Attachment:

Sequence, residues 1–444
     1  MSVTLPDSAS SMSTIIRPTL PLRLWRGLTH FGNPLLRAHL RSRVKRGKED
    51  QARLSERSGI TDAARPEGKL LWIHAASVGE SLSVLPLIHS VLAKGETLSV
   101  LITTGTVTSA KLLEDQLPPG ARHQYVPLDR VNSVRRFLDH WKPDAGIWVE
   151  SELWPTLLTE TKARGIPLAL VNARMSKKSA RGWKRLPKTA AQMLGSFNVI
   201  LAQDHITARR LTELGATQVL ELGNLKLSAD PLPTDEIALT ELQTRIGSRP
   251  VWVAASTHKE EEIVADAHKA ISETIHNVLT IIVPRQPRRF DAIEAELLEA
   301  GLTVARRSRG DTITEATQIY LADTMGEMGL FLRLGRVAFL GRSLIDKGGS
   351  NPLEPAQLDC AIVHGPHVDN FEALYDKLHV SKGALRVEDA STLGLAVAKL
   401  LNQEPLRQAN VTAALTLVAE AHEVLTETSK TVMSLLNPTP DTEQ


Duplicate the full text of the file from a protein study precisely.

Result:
Sequence, residues 1–444
     1  MSVTLPDSAS SMSTIIRPTL PLRLWRGLTH FGNPLLRAHL RSRVKRGKED
    51  QARLSERSGI TDAARPEGKL LWIHAASVGE SLSVLPLIHS VLAKGETLSV
   101  LITTGTVTSA KLLEDQLPPG ARHQYVPLDR VNSVRRFLDH WKPDAGIWVE
   151  SELWPTLLTE TKARGIPLAL VNARMSKKSA RGWKRLPKTA AQMLGSFNVI
   201  LAQDHITARR LTELGATQVL ELGNLKLSAD PLPTDEIALT ELQTRIGSRP
   251  VWVAASTHKE EEIVADAHKA ISETIHNVLT IIVPRQPRRF DAIEAELLEA
   301  GLTVARRSRG DTITEATQIY LADTMGEMGL FLRLGRVAFL GRSLIDKGGS
   351  NPLEPAQLDC AIVHGPHVDN FEALYDKLHV SKGALRVEDA STLGLAVAKL
   401  LNQEPLRQAN VTAALTLVAE AHEVLTETSK TVMSLLNPTP DTEQ